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8

No, it does not mean that. It is definitely prohibited to hasten the death even of one who is about to die (ShA YD 339:1). One who murders a terminally ill individual doesn't receive statutory punishment by a human court though (Rambam, Laws of Murder 2:8) which is the relevant technicality for your citation.


7

Thank you for asking the question and performing this great action. In his book Mourning in Halacha (pp. 29-46), Rabbi Chaim Binyamin Goldberg has a number of recommendations based on Jewish law which would apply to your visits. It is desirable to explain to the patient that illness in this world is a kindness which the Holy One bestowed for mankind. The ...


5

This happened to me recently so I looked (post facto) for the answer. R David Sperling gives background here The Shulchan Aruch (Yoreh De'ah 66:10) states that human blood, after it has left the body, is forbidden. This is not because the human blood itself is forbidden to us from the Torah, but rather because someone might think mistakenly that it ...


4

This is intended as a supplement to mbloch's answer, which refers and links to a collection of practices and prayers that provides ample material for the chaplain to choose from. Speaking without pastoral experience or particular expertise this area of law and custom, I can suggest which of the prayers listed are likely to be most familiar to all Jews, ...


3

Well this is exactly the content of the Refaeinu blessing וְהַעֲלֵה רְפוּאָה שְׁלֵמָה לְכָל מַכּותֵינוּ Bring complete healing to all our wounds So you seem to be covered for yourself. If you wish to add the standard yehi ratzon addition, you can do as well: OU here says If one wishes to ask special consideration from God for oneself or another ...


3

Judaism values life very highly. Any experiment that would potentially shorten life without a chance to extend it would be prohibited. It is not clear from your question whether the experiment would possibly save the patient life or other patient lives and I will assume for now it does not. R Abraham S. Abraham (in Nishmat Avraham vol. 2, p. 54ff) provides ...


3

I don't think there's any one recommended prayer, but Psalm 30 is a popular one to say for healing. It concludes "You turned my mourning to dancing", which is the outcome we all hope and pray for here.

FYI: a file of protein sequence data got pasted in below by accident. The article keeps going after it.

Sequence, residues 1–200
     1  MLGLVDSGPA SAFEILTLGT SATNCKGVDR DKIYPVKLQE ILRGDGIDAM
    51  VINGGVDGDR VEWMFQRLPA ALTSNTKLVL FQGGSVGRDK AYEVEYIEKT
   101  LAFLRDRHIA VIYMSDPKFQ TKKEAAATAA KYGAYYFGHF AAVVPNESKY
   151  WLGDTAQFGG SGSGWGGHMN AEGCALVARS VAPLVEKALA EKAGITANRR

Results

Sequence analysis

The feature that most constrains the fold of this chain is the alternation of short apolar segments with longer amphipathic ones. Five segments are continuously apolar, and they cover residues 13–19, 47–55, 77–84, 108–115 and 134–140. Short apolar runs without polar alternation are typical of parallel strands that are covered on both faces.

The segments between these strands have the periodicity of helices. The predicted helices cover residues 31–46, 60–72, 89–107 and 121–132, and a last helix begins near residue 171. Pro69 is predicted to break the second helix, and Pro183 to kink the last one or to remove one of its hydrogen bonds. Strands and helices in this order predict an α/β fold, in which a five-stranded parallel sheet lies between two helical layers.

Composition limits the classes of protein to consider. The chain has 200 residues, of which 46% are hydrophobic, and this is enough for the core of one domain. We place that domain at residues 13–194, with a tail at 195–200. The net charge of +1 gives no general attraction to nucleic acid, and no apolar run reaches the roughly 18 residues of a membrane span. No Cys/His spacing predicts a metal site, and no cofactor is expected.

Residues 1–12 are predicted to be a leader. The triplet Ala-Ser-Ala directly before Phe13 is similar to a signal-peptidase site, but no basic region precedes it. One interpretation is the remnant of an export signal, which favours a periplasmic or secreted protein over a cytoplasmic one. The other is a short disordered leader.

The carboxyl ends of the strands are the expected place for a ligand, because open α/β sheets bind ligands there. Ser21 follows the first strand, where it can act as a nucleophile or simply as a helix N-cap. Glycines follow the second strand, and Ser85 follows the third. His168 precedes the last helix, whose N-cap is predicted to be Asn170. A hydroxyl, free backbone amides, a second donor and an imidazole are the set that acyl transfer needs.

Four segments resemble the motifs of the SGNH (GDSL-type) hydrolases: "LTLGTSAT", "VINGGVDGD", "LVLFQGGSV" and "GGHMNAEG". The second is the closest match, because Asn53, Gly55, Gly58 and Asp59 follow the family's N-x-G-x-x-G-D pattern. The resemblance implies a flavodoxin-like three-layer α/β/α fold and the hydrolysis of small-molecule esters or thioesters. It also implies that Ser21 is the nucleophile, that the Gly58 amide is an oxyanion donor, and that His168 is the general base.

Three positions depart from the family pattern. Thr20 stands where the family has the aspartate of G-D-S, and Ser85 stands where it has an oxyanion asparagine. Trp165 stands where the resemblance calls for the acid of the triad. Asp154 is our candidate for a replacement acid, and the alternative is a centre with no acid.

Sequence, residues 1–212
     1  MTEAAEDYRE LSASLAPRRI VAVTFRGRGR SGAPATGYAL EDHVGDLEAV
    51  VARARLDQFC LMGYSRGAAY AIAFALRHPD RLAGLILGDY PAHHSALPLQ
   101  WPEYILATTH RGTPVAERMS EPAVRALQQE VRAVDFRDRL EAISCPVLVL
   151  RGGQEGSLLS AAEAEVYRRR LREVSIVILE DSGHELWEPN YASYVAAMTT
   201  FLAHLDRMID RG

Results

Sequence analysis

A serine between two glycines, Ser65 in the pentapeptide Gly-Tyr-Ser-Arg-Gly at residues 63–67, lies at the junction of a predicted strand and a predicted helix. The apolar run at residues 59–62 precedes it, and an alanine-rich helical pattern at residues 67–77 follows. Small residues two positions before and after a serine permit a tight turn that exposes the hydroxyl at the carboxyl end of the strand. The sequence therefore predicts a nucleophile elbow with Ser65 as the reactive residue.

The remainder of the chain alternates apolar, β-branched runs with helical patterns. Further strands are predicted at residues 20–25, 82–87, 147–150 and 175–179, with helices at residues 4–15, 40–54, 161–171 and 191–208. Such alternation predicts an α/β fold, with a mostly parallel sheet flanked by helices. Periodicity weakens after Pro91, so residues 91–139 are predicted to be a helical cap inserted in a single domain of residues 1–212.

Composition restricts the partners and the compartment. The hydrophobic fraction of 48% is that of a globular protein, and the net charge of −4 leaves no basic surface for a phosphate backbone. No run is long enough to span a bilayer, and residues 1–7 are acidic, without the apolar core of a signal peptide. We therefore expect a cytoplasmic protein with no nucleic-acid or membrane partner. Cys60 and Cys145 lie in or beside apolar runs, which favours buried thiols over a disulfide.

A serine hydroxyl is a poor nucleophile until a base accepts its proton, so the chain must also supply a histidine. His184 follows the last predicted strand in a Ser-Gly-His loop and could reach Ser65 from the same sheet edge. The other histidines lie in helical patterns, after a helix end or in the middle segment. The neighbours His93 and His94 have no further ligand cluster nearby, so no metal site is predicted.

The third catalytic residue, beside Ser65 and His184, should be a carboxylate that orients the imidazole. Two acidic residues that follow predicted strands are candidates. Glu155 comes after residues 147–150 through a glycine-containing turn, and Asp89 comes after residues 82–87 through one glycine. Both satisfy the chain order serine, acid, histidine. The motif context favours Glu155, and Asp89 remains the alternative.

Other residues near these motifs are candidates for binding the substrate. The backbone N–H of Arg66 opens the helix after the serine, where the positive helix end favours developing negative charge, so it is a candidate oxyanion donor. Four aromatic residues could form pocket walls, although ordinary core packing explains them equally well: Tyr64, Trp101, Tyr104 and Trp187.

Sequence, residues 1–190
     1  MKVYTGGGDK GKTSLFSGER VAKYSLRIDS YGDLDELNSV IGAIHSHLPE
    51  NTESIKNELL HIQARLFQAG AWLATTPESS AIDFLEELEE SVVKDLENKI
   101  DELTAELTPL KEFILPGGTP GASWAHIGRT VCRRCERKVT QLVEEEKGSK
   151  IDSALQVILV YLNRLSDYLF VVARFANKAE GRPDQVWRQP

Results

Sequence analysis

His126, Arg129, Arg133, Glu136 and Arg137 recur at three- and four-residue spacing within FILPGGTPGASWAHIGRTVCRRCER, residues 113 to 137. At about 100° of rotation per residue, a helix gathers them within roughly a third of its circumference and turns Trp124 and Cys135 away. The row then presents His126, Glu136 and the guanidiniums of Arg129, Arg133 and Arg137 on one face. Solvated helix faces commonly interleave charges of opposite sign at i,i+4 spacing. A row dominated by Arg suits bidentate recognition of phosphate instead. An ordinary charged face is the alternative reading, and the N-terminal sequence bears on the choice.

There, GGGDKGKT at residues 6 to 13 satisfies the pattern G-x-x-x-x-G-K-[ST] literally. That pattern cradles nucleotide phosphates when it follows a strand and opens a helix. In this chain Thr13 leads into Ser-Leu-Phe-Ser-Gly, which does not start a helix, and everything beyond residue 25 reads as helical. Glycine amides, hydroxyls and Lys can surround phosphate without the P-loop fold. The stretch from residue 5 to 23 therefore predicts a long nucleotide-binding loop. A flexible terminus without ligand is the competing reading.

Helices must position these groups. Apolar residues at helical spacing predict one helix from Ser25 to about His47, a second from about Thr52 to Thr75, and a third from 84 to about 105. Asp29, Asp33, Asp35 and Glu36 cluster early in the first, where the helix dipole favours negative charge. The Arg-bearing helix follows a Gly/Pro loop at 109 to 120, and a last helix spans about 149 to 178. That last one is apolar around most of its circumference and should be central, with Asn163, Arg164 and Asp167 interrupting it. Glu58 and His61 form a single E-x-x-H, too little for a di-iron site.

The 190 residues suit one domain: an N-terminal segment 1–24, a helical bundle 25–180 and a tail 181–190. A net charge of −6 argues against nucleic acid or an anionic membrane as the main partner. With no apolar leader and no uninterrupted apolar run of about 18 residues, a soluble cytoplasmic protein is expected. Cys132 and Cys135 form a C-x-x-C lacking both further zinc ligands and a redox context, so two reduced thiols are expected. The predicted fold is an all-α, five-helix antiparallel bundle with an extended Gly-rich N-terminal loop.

2

According to Bechorot 45a, the number of limbs for a woman is a bit more than 248 (either 252 or 253). Therefore, using the 'standard' formulation of saying '248 limbs' would not work for females. Additionally, since there seems to be disputes between different works as to the 'correct' number of limbs for a woman (besides for the dispute in Bechorot, the Ba'...


2

Apart from speaking to the sick person, there are other activities involved in Bikkur Cholim that can be fulfilled without interrupting his learning. For example taken from Hidabroot הלכות ביקור חולים טז עיקר מצות ביקור חולים היא לצורכו של החולה, לראות מה יוכל לעשות עבורו, (וכן לעודד את רוחו), ולבקש עליו רחמים....... 16: The idea of Bikkur ...


2

On a theoretical level: For practical applications, talk to a Rabbi who knows Halacha. (Not every Rebbi in a yeshiva qualifies. as you've discovered.) Halacha is full of the concept of במקום צער - when pain is involved. A lot of laws change when pain is involved. Sometimes even mental anguish is sufficient a reason to not be obligated to pray, for example. ...


2

As far as the Gemara is concerned, acts of looking and touching between a man and a woman are permitted if one is trying to save the other. R' Yehoshua says: " a crazy pious man destroys the world." (chossid shoteh) The Gemara asks: "Who is a crazy pious man?" (for example?) It is a man who notices a woman drowning in the river and says "It isn't proper to ...


2

See Menachos 99b ביטולה של תורה זהו יסודה דכתיב (שמות לד, א) אשר שברת אמר לו הקב"ה למשה יישר כחך ששברת The apparent dereliction of the study of Torah is its foundation, e.g., if one breaks off his studies in order to participate in a funeral or a wedding procession. This is derived from a verse, as it is written: “And the Lord said to Moses: ...


2

He should do acts of charity and kindness. Better yet, he should assist his parents to perform those acts. See Daniel 4:24: 24: Indeed, O king, may my counsel please you, and with charity you will remove your sin and your iniquity by showing mercy to the poor; perhaps your tranquility will last."


1

The Poskim (Orach Chaim 219:1, see Mishnah Berurah 219:1) write how one must completely leave the dangerous situation to recite HaGomel. There's much discussion regarding travelers with multiple stops and how it parallels sickness (see Birkei Yosef 219:3 and Maamar Mordechai 219:1, Kaf HaChayim 219:4-5, and Yabia Omer vol.1 Orach Chaim 13). In this case, the ...


1

The question of whether one must perform a positive commandment even if it will make him sick was addressed by R. Moshe Feinstein in a responsum: Igrot Moshe O.C. 1:172 באם מחוייב להכנס בחולי בשביל קיום מצות עשה דשופר וכדומה נשאלתי באחד שהיה חולה במחלת שטות והוא בבית החולים ונרפא אבל הרופאים אומרים שצ"ל שם עוד איזה שבועות תחת השגחתם כדי שלא יתקלקל ...


1

I have two thoughts that might help us calibrate the definition of a sick person on Shabbat for which we are allowed to take medicine is someone who needs to lay down in bed or if he has a pain that is bothering him and his whole body pains him, even if he still walks, he is similar to someone bedridden (SA OC 328:17) - it stands to reason we can pray for ...


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